County council left reeling after ombudsman's report

Chief executive Stephen Moir who took over at New Shire Hall in February

Chief executive Stephen Moir who took over at New Shire Hall in February - Credit: CCC

Cambridgeshire County Council has been left reeling after the local government ombudsman issued a damning report on its handling of complaints.  

“During the year, my investigators have raised concerns about your council’s responses to our enquiries,” local government and social care ombudsman chair Michael King says. 

“Responses were late in more than half of cases.  

“On two occasions, my investigators had to involve a manager to get a response from the council.  

“These delays can result in further avoidable distress to complainants, and I ask the council to reflect on its practices and take the necessary steps to improve its liaison with my office.” 

The ombudsman says he upheld 13 (72 per cent) of complaints against the county council of out of a total of 18 investigated in 2021/22. 

Mr King has told the council to improve its responsiveness to complaints handling. 

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The report – and a letter from King – has landed on the desk of chief executive Stephen Moir. 

Mr King says all the complaints upheld were in the areas of adult social care, education or children’s services. 

The report shows that Cambridgeshire had not offered a satisfactory remedy to any of the 13 complaints before they were escalated to the ombudsman.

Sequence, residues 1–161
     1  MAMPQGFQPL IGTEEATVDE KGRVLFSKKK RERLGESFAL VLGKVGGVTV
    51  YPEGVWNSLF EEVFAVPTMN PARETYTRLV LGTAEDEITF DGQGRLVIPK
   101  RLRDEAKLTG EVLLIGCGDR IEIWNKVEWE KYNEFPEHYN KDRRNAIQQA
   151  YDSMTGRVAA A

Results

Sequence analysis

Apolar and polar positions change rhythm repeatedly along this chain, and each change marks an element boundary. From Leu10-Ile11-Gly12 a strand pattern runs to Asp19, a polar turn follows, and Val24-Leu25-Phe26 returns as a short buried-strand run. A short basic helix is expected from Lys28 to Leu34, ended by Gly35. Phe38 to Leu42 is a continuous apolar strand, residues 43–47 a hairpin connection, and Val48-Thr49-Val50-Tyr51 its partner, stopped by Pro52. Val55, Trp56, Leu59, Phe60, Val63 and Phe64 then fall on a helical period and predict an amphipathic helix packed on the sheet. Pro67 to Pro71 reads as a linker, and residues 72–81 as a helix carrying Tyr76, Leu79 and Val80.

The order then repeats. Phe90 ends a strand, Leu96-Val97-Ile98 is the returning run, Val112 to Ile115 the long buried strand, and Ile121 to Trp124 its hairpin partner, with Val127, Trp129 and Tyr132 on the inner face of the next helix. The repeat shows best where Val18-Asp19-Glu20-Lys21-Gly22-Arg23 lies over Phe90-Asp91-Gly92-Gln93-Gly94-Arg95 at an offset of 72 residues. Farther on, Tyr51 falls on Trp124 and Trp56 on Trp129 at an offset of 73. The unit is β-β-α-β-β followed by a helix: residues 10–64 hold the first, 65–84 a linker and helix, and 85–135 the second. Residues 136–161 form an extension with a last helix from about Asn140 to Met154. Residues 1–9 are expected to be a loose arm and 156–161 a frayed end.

However, the ombudsman said he was satisfied that in all cases its recommendations had been successfully implemented. 

Mr Moir said: “This report doesn’t make pleasant reading about our responsiveness or attempts to seek a remedy prior to complaints reaching the ombudsman. 

“This is not good enough and I am committed to improving how we resolve issues and manage complaints.” 

Mr Moir said that when he took over in February, he was "very clear” that he wanted the council – both employees and councillors – to have full regard for the Nolan Principles. 

These, he said, should govern the work of public servants – and key amongst those seven principles is being accountable for our actions and our decisions. 

“Despite our best efforts we will sometimes get things wrong,” said Mr Moir. 

“We are dealing with complex situations every day, and these often involve services being provided to very vulnerable people.   

“This has been exacerbated during the pandemic.  

“But when we get things wrong, we must apologise, put things right as quickly as possible and learn lessons to prevent repetition in the future.”